What is a SARC?
A Sexual Assault Referral Centre (SARC) can offer confidential medical, practical and emotional support to people who have recently been raped or sexually assaulted.
If you need urgent medical attention, call 999 and ask for an ambulance. Or you can go straight to your nearest A&E (accident and emergency) department.
If you have recently been raped or sexually assaulted, you can get help and support at a SARC, if there is one in your area. You can find your nearest SARC on the NHS website.Find your nearest SARC
How do I access a SARC?
You can go to a SARC without talking to the police or a doctor. The best way to do this is usually to phone them.
You can find the phone number of your nearest SARC on the NHS website.
What happens at the SARC?
SARCs are designed to be as private and comfortable for you as possible. At the SARC, staff are specially trained to work with people who have been raped or sexually assaulted.
A support worker, nurse or doctor will talk to you about what has happened, and give you information. They can also support you through how you are feeling right after a rape or sexual assault.
You can get a pregnancy test, emergency contraception, and a test for STIs (sexually transmitted infections).
You can also choose to have a forensic medical examination. You can do this whether or not you think you will report to the police.
Will I have to tell anyone else?
You don’t have to tell anyone about what has happened if you aren’t ready to.
Everything that happens at the SARC is private and confidential. This means they won't tell anyone else about what has happened without your consent (unless a child or vulnerable adult is in danger).
You also won’t have to report anything to the police, unless you decide that you want to.
If you're not ready to talk to your friends or family, but do want someone to talk to, you can talk to us.
What is a forensic medical examination?
At a SARC, you can have a forensic medical examination.
During a forensic medical examination, a doctor or nurse will examine you and collect samples. These can be used as evidence if you do decide to report a rape or sexual assault to the police, now or in the future.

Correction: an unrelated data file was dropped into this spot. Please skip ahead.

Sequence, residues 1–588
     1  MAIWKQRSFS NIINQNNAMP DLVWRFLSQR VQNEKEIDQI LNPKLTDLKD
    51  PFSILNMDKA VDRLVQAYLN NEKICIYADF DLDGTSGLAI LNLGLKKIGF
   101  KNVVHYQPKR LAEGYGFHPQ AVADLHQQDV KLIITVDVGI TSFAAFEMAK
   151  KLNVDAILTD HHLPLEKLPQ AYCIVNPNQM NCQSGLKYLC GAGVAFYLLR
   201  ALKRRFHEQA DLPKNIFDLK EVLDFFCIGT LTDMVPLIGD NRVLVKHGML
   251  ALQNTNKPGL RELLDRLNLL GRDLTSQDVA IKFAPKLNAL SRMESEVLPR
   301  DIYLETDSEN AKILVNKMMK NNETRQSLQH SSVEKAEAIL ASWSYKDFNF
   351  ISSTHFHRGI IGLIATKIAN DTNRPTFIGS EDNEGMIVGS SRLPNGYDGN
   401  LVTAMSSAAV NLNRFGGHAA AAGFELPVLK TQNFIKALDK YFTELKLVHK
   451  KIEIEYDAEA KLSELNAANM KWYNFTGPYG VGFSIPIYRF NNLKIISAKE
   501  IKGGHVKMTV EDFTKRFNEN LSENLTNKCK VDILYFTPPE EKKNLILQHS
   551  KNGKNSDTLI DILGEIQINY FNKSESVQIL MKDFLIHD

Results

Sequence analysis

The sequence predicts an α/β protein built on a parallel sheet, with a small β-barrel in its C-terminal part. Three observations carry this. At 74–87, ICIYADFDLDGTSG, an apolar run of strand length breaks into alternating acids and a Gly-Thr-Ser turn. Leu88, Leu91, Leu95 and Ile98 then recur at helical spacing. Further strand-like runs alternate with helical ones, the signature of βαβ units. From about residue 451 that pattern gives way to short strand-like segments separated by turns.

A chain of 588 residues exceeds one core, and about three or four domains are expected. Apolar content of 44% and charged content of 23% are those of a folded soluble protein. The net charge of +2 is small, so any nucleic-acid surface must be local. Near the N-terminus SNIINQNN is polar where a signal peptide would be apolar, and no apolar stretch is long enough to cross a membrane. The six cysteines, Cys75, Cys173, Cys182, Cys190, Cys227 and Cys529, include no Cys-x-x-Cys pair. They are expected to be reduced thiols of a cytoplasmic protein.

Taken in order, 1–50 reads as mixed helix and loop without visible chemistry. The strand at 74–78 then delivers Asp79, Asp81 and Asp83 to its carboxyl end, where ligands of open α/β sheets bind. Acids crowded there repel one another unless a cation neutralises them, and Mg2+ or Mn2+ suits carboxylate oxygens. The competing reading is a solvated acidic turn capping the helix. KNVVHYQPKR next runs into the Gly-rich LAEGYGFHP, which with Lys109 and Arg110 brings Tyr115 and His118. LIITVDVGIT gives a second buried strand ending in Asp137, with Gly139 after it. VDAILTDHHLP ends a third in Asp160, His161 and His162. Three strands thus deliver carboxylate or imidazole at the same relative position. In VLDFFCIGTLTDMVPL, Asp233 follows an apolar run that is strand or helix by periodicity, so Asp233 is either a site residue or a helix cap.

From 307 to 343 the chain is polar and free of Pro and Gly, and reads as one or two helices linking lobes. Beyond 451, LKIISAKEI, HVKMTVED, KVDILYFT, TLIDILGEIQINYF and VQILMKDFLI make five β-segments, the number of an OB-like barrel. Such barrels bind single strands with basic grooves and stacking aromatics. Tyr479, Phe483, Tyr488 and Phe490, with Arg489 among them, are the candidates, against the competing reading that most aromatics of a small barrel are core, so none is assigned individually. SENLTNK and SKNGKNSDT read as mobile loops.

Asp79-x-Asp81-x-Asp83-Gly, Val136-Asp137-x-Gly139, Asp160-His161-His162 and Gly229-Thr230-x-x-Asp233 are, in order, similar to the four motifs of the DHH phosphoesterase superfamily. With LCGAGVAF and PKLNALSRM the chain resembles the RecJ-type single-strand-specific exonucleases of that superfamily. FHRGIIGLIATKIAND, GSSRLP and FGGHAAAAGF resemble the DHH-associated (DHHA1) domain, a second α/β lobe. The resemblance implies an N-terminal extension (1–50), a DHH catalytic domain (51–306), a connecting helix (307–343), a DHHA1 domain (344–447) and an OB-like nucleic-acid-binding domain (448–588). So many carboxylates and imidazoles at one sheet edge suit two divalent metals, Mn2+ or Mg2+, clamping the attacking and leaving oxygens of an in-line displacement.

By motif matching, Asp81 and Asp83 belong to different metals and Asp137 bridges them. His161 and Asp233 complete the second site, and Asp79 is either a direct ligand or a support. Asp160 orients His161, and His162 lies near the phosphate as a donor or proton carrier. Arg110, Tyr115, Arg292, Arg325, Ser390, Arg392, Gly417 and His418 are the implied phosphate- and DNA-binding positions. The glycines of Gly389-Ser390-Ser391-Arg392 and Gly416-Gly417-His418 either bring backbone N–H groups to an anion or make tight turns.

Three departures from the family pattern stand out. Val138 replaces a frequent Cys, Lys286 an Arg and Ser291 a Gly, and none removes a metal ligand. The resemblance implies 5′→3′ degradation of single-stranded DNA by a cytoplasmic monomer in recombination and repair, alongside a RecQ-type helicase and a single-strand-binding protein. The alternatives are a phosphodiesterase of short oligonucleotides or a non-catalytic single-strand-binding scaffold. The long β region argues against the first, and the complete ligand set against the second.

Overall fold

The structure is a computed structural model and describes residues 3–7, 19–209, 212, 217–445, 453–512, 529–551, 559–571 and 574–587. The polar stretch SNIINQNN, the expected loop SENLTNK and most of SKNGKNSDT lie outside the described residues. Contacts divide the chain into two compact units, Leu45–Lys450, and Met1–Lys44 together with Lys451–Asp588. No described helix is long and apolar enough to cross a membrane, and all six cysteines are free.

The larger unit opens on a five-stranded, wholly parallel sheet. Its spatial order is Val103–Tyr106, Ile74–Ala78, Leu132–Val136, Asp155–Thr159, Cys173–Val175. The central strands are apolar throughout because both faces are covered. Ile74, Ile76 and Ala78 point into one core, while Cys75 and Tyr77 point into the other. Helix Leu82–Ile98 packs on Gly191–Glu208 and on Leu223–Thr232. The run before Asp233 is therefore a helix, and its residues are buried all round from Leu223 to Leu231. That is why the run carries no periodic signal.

During the examination, a trained doctor or nurse will ask you some health questions. They will take swabs from anywhere you have been touched. They might take blood and urine samples, or keep your clothing. They might also take photographs of any injuries.
The doctor or nurse should explain what they are going to do before and during the examination. They won’t do anything without your consent.
After the examination, you will be offered a shower and a change of clothes.
Do I have to report to the police if I go to a SARC?
You can get help and support at a SARC whether or not you want to speak to the police, or if you haven't made up your mind yet.
At the SARC, you can decide at any stage if you would like a forensic medical examination.
Once you have had a forensic medical examination, there is still no pressure to report. The SARC can store anything they collect during the examination until you have decided what you want to do. This can give you more time to think about your next steps.
Some people who have a forensic medical examination don’t go on to report to the police. No-one should make you feel any pressure to report or not – that decision should be totally up to you.